Last June, a man woke up and decided, “What the hell! I’m going to steal some art today!” He walked into the Venus Over Manhattan gallery on the Upper East Side, took a Dali watercolor valued at $150,000 off the wall, put it in a shopping bag, walked out, and promptly had a panic attack. The entire heist was caught on the gallery’s security camera.
Clearly whoever was supposed to be watching the security tapes has been fired.
The master thief, identified as Phivos Istavrioglou, 29, recovered enough from the shock to board a plane back to his native Athens, only to have such intolerable Thievery Remorse (similar to Buyer’s Remorse, only with less morals) as to roll the painting in a packing tube and mail it back to the gallery from a fake address in Europe. Authorities were able to identify his fingerprints on the painting and packaging from a water bottle he stole from a Whole Foods a year prior. COME ON. (Though I think it’s interesting to note here that in the span of a year, Phivos graduated from water bottles to surrealist paintings. That’s like, highly advanced kleptomania.)
Anyway, the gallery owner tricked him into returning to the states for a job interview; they feigned interest in hiring him as a consultant, AND HE FELL FOR IT. It must be so amazing to be in this guy’s head; the world is full of nothing but possibilities! FBI Agents stopped him at JFK on Saturday and arrested him. He appeared in court yesterday where he pleaded not guilty to grand larceny.
In this week’s edition of Dumb Thieves Bungling Art Heists, today we have a story all the way out of South Africa, where last November a group of three art enthusiasts, posing as a teacher guiding around two students, stole five pieces from the Pretoria Museum. The art was estimated at around $2 million dollars, with works by prominent South African artists including Irma Stern, Gerard Sekoto, Maggie Laubser, and Hugo Naude. They initially stole a 6th, more valuable painting, “Two Malay Musicians” by Stern, only to THROW IT ON THE CURB out front of the museum when it didn’t fit in their car. I can’t even. If you are committed enough to holding a museum at gunpoint to make off with stolen art, at least have the common sense to measure the backseat of your hooptie before absconding with the goods. Amateurs! Also, who throws art on the ground?!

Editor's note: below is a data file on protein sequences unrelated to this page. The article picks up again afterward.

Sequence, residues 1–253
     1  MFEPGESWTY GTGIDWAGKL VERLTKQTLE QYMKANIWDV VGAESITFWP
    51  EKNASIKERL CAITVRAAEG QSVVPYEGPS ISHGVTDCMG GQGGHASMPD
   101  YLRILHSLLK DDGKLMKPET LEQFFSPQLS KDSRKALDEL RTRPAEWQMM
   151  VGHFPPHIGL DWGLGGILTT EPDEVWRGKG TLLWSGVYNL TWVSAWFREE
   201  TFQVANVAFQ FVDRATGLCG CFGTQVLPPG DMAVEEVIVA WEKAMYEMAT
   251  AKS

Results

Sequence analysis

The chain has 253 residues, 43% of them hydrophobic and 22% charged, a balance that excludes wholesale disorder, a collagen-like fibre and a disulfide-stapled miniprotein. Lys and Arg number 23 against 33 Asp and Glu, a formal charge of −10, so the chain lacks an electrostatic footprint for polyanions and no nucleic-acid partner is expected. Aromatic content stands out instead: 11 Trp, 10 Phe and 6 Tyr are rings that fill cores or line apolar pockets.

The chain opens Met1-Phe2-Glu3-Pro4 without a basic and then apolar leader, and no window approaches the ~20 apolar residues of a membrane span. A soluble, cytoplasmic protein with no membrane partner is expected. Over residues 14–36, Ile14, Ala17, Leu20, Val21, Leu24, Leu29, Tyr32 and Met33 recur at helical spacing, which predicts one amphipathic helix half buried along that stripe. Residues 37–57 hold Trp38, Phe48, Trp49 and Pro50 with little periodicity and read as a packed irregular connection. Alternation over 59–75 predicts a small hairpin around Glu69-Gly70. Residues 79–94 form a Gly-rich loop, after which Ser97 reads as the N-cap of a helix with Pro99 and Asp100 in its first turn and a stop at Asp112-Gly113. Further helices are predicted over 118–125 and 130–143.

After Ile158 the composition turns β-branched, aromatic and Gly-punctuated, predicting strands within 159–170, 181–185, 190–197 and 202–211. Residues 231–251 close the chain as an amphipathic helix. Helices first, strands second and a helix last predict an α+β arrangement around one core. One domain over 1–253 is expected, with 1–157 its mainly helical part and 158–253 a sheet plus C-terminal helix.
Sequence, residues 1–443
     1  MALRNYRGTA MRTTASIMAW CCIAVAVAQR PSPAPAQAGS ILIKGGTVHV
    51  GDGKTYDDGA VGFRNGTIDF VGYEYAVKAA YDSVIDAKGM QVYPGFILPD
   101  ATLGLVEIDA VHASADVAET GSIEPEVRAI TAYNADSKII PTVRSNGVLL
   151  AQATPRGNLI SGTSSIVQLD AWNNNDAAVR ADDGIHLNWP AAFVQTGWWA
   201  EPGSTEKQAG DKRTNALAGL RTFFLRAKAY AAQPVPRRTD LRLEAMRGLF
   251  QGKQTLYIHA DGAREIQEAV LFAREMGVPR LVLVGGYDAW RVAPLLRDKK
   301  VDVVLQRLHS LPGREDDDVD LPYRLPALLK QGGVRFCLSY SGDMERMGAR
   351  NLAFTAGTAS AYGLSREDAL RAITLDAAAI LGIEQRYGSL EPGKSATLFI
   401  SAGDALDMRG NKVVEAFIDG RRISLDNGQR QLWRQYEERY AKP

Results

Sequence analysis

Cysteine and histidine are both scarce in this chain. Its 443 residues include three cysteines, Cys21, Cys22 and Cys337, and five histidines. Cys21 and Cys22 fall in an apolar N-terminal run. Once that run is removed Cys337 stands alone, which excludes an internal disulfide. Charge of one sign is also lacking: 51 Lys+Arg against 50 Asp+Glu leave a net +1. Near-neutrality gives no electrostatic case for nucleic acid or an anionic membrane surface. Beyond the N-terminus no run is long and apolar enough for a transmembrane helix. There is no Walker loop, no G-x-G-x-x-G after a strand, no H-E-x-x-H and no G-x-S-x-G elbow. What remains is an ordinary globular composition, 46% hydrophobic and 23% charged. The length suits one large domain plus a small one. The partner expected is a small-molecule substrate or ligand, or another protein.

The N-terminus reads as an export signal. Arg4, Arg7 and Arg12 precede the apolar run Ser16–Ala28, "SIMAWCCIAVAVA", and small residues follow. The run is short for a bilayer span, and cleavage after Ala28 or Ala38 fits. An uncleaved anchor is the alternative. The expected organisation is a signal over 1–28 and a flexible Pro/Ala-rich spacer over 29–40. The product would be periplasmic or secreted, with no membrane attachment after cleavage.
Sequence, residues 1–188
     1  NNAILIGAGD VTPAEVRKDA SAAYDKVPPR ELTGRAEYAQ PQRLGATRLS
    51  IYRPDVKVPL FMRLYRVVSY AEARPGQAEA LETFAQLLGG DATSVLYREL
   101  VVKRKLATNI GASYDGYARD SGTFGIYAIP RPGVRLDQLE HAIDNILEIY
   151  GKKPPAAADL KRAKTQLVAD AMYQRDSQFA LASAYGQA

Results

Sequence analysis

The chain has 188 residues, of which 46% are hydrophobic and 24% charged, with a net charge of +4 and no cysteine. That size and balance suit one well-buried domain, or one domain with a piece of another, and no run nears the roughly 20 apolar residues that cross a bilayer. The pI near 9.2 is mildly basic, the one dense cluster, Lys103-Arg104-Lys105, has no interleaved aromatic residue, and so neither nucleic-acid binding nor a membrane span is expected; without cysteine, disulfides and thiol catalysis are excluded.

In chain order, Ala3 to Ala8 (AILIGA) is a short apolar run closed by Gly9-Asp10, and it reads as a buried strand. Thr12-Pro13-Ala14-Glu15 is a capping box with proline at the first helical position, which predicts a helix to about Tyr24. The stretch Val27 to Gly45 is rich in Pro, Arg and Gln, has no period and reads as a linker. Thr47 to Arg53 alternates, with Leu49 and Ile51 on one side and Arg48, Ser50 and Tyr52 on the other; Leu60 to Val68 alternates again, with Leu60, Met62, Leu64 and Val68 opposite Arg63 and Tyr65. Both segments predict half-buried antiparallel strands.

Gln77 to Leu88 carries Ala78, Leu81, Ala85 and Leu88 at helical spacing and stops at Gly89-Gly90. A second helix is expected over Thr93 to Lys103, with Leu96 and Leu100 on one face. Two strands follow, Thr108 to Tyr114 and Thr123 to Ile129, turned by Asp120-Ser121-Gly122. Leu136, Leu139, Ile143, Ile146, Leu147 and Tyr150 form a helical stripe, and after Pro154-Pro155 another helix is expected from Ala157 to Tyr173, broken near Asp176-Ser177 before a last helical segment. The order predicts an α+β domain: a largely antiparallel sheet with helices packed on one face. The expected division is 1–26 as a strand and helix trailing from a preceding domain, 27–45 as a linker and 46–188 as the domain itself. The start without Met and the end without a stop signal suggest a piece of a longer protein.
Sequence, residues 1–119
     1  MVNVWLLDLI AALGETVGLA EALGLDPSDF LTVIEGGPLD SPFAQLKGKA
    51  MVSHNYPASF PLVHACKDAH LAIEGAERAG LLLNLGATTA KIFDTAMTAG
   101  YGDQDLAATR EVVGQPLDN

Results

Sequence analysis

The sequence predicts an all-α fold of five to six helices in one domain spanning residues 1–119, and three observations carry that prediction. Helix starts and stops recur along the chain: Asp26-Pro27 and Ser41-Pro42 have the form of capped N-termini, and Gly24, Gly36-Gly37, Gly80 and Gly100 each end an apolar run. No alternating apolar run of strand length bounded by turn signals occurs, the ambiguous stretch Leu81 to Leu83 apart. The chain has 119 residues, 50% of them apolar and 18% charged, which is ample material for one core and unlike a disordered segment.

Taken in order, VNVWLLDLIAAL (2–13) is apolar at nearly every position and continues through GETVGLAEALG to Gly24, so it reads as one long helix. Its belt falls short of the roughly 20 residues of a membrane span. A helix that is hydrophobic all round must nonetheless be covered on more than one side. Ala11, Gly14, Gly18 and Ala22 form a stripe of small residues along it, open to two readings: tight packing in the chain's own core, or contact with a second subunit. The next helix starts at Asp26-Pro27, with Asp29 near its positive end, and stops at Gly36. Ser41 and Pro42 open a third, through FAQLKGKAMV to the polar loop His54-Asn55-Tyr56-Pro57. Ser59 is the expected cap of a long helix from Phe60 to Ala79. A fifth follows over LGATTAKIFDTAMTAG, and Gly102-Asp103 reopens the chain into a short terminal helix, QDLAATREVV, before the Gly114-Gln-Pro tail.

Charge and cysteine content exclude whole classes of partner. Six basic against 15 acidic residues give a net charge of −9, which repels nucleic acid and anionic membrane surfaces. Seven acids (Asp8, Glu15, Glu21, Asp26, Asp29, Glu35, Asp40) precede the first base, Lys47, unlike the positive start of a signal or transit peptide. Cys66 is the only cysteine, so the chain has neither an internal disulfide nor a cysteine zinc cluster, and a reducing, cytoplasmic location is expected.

Four out of the five paintings were recovered in (get this) a cemetery 700 miles away in Port Elizabeth just a few days later. Because obviously. I hope police can fingerprint the paintings now that they’ve been recovered because I’d really love to know who tried to pull this off. Also I want to ridicule them a little bit.
I need to first thank Lauren for this post (again) because she sent me yet another email tipping me off to more art drama. I LOVE ART DRAMA, in case you hadn’t figured that out yet. My new favorite website? Art World Daily’s “Controversy” section. Sadly, it’s not all about heists, but there is plenty of juicy “scandal” on there to keep me occupied for days.
So, today’s order of business: Two people were sentenced in Miami after attempting to sell a stolen Matisse (why is it always a Matisse these days??), “Odalisque in Red Pants,” to undercover FBI agents. Rookie thief mistake. The painting, which is now valued at around $3 million, was stolen back in 2002 from the Museum of Contemporary Art in Caracas, Venezuela, and a forgery was hung in its place. I don’t know who they think they were fooling:
Matisse’s “Odalisque in Red Pants” (L) and the forgery (R)
Even though the “sting” happened last year (and the heist itself occurred over a decade ago), they weren’t formally sentenced until this week. Each of the suspects is serving over 2-3 years in jail and 3 years supervised probation after their release for transportation and possession of a stolen painting. FBI Officials seized the painting the operation, and have yet to give it back to the museum. Last summer, photographer Violette Bule staged a protest (though I don’t think you can call it a protest if it’s a bunch of topless women) out front of the museum in Venezuela, mimicking the woman in the painting, demanding its return to the museum.
Kudos to these women. I don’t think I would be so brazen, not even in the name of art.